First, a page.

08:26, May 02 249 0 theguardian.com

2019-05-02 08:26:04
US begins extradition case against Julian Assange in London

Julian Assange has declined a chance to consent to his extradition to the US at a court hearing in London where the American government started pressing its case to take him across the Atlantic.

Appearing by videolink from Belmarsh prison, Assange said: “I do not wish to surrender myself for extradition for doing journalism that has won many, many awards and protected many, many people.”

Ben Brandon, counsel for the US government, presented details of the US case against Assange at Westminster magistrates court. He said that the charges related to one of the largest compromises of information in the history of the US.

They were connected to the downloading of a “vast amount of classified documents” by Chelsea Manning, the US intelligence analyst who subsequently served a prison sentence.

They included approximately 90,000 reports about the war in Afghanistan, 400,000 reports about the Iraq war and 800,000 Guantánamo Bay detainee assessments, as well as a large number of US diplomatic cables.

Referring to other details in a March 2018 indictment – which was unsealed last month in the US district court for the eastern district of Virginia and which charged Assange – Brandon said that details of chatroom communications between Manning and Assange demonstrated that he had agreed to help Manning with cracking a password that protected US Department of Defense computers.

Those computers were then used to download material which was transmitted to WikiLeaks, the whistleblowing website Assange founded.

In the brief hearing in London, Judge Michael Snow told Assange that he could consent to his surrender to the US.


Julian Assange in the Ecuadorian embassy

WikiLeaks releases about 470,000 classified military documents concerning American diplomacy and the wars in Afghanistan and Iraq. It later releases a further tranche of more than 250,000 classified US diplomatic cables.

A Swedish prosecutor issues a European arrest warrant for Assange over sexual assault allegations involving two Swedish women. Assange denies the claims.

He turns himself in to police in London and is placed in custody. He is later released on bail and calls the Swedish allegations a smear campaign.

A British judge rules that Assange can be extradited to Sweden. Assange fears Sweden will hand him over to US authorities who could prosecute him.

He takes refuge in the Ecuadorian embassy in London. He requests, and is later granted, political asylum.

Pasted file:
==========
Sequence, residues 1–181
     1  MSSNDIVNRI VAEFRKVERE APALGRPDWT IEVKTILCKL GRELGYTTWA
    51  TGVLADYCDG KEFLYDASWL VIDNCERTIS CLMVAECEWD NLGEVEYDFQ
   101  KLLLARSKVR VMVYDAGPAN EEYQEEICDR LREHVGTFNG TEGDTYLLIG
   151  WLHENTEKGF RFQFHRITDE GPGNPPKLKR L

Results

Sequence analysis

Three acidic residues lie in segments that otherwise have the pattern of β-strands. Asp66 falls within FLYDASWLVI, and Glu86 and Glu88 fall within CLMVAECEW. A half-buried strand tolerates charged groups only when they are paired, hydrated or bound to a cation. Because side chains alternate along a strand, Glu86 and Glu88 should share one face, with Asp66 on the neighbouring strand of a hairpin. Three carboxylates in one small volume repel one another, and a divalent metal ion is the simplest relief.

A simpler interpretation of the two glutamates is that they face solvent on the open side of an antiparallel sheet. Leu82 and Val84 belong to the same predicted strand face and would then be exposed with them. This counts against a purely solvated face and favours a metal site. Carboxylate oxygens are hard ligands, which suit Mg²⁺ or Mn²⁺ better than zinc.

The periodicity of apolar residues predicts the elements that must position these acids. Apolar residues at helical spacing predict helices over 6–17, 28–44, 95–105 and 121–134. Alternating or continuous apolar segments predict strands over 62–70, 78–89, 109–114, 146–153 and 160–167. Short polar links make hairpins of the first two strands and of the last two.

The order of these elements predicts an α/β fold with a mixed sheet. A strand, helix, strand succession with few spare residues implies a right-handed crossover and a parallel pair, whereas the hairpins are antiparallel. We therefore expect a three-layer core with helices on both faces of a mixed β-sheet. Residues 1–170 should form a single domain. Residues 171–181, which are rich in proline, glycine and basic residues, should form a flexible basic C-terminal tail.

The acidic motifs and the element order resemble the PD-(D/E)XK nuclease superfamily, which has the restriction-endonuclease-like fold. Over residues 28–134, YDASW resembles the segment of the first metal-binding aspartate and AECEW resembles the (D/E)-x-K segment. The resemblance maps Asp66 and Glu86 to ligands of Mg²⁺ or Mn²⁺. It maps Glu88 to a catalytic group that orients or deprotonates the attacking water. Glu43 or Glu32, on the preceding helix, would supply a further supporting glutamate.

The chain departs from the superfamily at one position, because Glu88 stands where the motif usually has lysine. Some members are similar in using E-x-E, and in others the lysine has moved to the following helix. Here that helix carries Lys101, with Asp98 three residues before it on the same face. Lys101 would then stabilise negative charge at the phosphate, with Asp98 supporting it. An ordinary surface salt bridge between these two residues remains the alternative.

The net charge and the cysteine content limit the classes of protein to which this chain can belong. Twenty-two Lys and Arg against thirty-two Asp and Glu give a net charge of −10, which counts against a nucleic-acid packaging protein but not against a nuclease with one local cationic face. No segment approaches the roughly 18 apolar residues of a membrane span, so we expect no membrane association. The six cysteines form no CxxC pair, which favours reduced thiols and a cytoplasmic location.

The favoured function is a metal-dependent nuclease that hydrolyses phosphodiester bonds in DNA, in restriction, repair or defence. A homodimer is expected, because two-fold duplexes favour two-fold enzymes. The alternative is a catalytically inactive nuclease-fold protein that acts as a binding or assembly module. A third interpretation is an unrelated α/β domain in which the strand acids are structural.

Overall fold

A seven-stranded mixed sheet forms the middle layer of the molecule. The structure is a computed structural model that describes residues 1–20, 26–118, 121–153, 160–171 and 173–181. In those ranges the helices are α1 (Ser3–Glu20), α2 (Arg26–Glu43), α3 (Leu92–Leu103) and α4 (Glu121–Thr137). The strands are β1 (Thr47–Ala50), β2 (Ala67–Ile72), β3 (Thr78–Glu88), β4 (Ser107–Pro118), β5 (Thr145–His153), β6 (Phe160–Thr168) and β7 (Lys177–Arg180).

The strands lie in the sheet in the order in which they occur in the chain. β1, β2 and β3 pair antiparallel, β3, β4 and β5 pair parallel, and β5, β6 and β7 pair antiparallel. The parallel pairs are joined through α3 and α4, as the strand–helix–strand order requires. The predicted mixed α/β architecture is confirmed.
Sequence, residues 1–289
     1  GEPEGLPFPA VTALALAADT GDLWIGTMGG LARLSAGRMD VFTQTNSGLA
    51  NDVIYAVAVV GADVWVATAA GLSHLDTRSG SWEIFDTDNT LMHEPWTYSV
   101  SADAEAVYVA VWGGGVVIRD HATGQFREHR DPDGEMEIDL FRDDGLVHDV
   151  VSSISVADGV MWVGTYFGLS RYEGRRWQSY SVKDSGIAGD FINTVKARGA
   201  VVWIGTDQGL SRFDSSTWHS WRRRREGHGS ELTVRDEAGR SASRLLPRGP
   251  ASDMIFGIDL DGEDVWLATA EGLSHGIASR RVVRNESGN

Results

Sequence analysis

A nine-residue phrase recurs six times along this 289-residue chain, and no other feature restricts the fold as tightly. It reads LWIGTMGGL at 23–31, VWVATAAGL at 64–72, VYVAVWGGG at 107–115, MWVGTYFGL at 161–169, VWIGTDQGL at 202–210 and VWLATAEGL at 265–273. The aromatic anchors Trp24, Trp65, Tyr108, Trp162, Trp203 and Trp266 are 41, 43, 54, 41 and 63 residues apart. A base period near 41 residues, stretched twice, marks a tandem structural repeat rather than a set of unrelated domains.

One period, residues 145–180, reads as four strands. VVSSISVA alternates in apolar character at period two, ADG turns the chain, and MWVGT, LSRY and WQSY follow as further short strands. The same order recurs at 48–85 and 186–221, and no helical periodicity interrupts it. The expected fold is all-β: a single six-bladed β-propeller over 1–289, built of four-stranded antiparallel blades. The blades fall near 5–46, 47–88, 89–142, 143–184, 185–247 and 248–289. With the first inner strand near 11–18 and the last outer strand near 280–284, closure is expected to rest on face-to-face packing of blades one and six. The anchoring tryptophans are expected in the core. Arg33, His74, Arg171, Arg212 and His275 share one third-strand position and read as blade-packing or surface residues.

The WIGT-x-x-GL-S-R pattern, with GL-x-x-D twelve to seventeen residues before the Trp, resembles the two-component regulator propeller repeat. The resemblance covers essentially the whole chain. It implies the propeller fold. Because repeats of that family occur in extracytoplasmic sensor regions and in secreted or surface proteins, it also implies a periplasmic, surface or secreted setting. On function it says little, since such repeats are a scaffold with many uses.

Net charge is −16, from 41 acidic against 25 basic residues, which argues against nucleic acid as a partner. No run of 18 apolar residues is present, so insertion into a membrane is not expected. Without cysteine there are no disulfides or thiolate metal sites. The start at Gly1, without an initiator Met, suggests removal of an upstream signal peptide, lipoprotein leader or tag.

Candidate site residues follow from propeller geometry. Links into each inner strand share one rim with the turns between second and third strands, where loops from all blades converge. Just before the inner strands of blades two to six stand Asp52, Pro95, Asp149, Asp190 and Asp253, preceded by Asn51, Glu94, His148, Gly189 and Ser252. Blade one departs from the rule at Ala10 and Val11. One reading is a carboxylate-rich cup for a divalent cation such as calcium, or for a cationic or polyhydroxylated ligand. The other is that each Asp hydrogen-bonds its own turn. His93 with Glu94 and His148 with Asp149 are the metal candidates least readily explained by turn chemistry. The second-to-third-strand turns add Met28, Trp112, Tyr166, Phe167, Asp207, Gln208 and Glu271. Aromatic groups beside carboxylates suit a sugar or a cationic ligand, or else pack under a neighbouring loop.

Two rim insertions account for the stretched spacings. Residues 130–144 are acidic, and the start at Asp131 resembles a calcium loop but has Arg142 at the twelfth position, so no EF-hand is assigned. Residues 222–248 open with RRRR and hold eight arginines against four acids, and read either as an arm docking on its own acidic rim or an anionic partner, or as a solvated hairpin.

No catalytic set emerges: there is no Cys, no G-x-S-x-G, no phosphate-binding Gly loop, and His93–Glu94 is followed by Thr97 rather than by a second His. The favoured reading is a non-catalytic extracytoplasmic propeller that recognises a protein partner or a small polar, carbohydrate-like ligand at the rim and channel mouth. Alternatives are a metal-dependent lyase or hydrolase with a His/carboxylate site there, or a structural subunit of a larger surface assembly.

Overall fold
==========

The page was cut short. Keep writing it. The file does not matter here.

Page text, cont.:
The UN Working Group on Arbitrary Detention says Assange has been 'arbitrarily detained' and should be able to claim compensation from Britain and Sweden. Britain and Sweden rebuff the non-binding ruling.

Assange is questioned in a two-day interview over the allegations at the Ecuadorian embassy by Swedish authorities.

WikiLeaks says Assange could travel to the United States to face investigation if his rights are 'guaranteed'. It comes after one of the site's main sources of leaked documents, Chelsea Manning, is given clemency.

Nigel Farage is spotted visiting the Ecuadorian embassy. 

Swedish prosecutors say they have closed their seven-year sex assault investigation into Assange. British police say they would still arrest him if he leaves the embassy as he breached the terms of his bail in 2012.

Britain refuses Ecuador's request to accord Assange diplomatic status, which would allow him to leave the embassy without being arrested.

He loses a bid to have his British arrest warrant cancelled on health grounds.

Ecuador cuts off Assange's internet access alleging he broke an agreement on interfering in other countries' affairs.

US prosecutors inadvertently disclose the existence of a sealed indictment against Assange.

Ecuador's President Lenin Moreno says Assange has 'repeatedly violated' the conditions of his asylum at the embassy.

Police arrest Assange at the embassy after his asylum was withdrawn. Scotland Yard confirmed that Assange was arrested on behalf of the US after receiving a request for his extradition. Assange has been charged by the US with 'a federal charge of conspiracy to commit computer intrusion for agreeing to break a password to a classified U.S. government computer.'

He is jailed for 50 weeks in the UK for breaching his bail conditions back in 2012. An apology letter from Assange is read out in court, but the judge rules that he had engaged in a “deliberate attempt to evade justice”.

Consenting meant that he would lose his rights to appeal but the advantage was that it would expedite matters and could lead to an early resolution of his case, Snow said. Assange, who appeared wearing a black jacket and T-shirt, declined.

Snow asked Brandon what the maximum sentence in the US was for the offences and was told that it was five years, before the case was adjourned until 12 June in anticipation of a formal request for extradition being served by the US within the period required.

Snow told Assange that the hearing on Thursday was merely a procedural one.

“There will be a another merely procedural hearing on May 30, where I suspect even less will happen,” he added.

The next hearing where something of substance would happen would be 12 June because, by then, Assange would have received all of the paperwork from the US, the judge said. However, he said that he suspected that it would take many months before “the full substance” of Assange’s case was heard.

The 47-year-old was jailed on Thursday for just under a year for breaching bail conditions to avoid being extradited to Sweden.

A judge largely rejected the mitigating factors put forward by lawyers for Assange – who took refuge in Ecuador’s embassy to London in 2012 to avoid extradition to Sweden over sexual assault allegations, which he has denied – and told him it was difficult to envisage a more serious example of the offence.